In the weeks following, I’ve been asked so many questions about it, but the one I never have a good answer to is:

“Did you feel trained?”

Yes and no. I finished and now have 3 points toward the UTMB. But I wish I had been faster. I wish I could have run more of it. I wish I hadn’t been sore for 5 days after it. Coulda woulda shoulda. But I’m damn proud of it.

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Mt. Hood 50k – 7/10/16

As you know, I like to do races in far away places. It’s so much fun to explore new areas by doing an event but this time, I chose one close to home. Sadly, a “close” trail run still means 1.5 hours away, but at least it didn’t involve significant travel beforehand.

Per usual, the weeks leading up to the event were filled with training runs, rest days, cross-training, and lots of food. Jesse didn’t run this one so I was training alone. My long runs were sometimes wonderful and sometimes lonely but then I got lucky and found a fabulous new running buddy to make the miles go by faster. Her first 50k was the weekend after Mt. Hood so it was easy to coordinate training days. I am grateful for her company and willingness to adventure! I didn’t know how I was going to run so far without her at this point!

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Jesse drove me to the start line to see me off (he then spent the morning on his mountain bike nearby). I have become so fond of the Go Beyond Racing events and this was no exception. The course skirted Timothy Lake, went out on the Pacific Crest Trail for 7 miles, then turned around and circled the other side of the lake to the finish. With 6 aid stations and only about 2,500 feet of elevation gain, it was a relatively “easy” run. Even more so given that it was gray and drizzly…the ideal running weather. Sadly it meant no view of Mt. Hood, though.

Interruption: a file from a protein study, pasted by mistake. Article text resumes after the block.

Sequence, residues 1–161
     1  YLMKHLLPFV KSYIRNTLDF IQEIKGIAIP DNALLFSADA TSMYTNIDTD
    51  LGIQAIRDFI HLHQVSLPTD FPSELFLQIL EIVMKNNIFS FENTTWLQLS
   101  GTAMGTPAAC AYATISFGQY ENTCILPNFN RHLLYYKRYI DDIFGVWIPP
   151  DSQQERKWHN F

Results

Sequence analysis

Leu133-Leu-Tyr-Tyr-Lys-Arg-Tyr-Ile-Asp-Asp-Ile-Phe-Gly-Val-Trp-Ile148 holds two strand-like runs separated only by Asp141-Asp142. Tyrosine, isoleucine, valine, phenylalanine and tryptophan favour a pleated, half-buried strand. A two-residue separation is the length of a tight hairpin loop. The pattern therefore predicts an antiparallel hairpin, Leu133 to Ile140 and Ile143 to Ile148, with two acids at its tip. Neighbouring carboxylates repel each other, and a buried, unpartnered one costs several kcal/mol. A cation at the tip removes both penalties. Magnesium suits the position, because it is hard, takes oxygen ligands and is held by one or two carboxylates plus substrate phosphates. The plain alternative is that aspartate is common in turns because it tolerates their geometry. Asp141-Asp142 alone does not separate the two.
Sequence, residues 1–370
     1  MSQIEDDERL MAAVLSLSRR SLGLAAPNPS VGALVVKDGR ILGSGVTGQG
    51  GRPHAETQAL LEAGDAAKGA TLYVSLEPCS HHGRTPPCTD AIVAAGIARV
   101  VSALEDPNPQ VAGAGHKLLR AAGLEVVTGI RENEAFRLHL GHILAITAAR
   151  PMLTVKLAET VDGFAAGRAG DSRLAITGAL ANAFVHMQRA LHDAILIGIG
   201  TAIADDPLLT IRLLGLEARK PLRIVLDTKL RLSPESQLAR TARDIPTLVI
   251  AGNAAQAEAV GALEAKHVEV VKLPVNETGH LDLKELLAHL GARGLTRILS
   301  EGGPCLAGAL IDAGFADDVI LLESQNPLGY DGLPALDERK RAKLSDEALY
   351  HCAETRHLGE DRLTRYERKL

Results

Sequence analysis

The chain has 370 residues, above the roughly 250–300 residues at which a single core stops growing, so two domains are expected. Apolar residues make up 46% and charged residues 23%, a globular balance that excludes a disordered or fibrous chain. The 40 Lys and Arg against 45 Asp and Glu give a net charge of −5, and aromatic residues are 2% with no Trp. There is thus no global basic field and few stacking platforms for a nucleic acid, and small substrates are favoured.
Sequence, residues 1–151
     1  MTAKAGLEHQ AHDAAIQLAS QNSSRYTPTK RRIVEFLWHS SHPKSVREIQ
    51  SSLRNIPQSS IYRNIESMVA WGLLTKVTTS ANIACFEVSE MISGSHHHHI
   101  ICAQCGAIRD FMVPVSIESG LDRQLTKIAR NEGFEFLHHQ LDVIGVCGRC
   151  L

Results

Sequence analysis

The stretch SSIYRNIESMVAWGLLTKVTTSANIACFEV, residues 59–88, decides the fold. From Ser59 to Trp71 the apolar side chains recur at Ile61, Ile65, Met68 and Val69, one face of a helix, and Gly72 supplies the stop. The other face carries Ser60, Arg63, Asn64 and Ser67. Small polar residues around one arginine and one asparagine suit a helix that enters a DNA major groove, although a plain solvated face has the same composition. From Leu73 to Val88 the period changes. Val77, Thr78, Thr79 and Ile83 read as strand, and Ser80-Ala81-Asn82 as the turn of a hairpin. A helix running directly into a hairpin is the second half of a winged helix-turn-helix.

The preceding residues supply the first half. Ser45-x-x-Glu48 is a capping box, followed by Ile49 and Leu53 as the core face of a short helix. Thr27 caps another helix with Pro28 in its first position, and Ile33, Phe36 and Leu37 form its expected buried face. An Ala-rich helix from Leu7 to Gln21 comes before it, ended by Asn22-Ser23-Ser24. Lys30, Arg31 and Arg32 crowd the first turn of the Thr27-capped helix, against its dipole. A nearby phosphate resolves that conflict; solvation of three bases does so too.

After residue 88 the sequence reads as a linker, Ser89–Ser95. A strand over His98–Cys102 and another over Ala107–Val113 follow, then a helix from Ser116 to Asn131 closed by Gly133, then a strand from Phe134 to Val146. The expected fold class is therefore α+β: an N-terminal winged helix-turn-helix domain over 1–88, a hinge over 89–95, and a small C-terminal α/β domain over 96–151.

I started strong (arguably too strong) and felt great. I had to stop to pee around mile 2.5 and lost my place in the pack, but easily fit back into my groove and kept going. The miles ticked off so quickly, the aid stations coming and going and I barely felt the need to stop. As always, the aid stations were excellent and the watermelon was an incredible treat! I grabbed some Oreos for the road and carried on.

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I know better than to power up the hills during an event. My heart rate is invariably high already and I’m still learning how my body reacts to “pushing it” in a race. So I hiked (as did everyone else around me, so it felt like a legitimate decision). My heart rate would recover and I’d run again, still feeling strong. I sprinted into the turnaround aid station at mile 13 and heard someone yell my name.

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I was certain Jesse wasn’t going to meet me there and I didn’t know of anyone else running it, so my confusion was justified. Soon my friend Shane emerged with a clipboard; he was volunteering at that far aid station! We hugged it out, recapped the first half of the race, and off I went. It’s always a nice burst of support and encouragement to see a familiar face.

The way back to the lake was a beautiful descent and I ran along with a guy who was doing the 50/50 (the 50 mile version on Saturday and the 50k on Sunday). I was in awe of him and he was rocking it. We chatted for a while and then I felt strong enough to pick up the pace, leaving him behind.

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I entered the “stiff leg” phase coming into the aid station at mile 17. I crouched down, stretching my hips out. Internally and emotionally I felt amazing. It was only some fatigue in my legs slowing me down at that point. When I left the aid station, I was alone for long periods of time and I felt happy. I enjoyed the trail, the moody grayness of the day, and the sound of my heart propelling myself forward (in every sense). Those are the moments I run for.

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I came into the mile 21 aid station and had some oranges and chatted with the volunteers for a few minutes, grateful for their high spirits. When I took off, I could feel something…off…in my left knee and I was pissed. After a few more minutes, with every centimeter of incline the pain screamed under the outer side of my knee cap and I was left walking the hills.

I kept leap-frogging with two guys who had given up on running completely. One guy was from Texas and it was his first 50k, but he was happy to leisurely finish. I didn’t find the peace and solidarity from these two one might hope for and I could only focus on how my leg was failing me. Eventually, after some stops to stretch, some lakeside cursing, and enough walking to screw up my goal time, I ran into the last aid station, leaving them behind, and sat down. I was pleasantly surprised that there were only 4.7 miles left and not 6.5 as I’d thought, and the sweet volunteer checked in on my health when I stood up quite uneasily. I shook it off and got to going.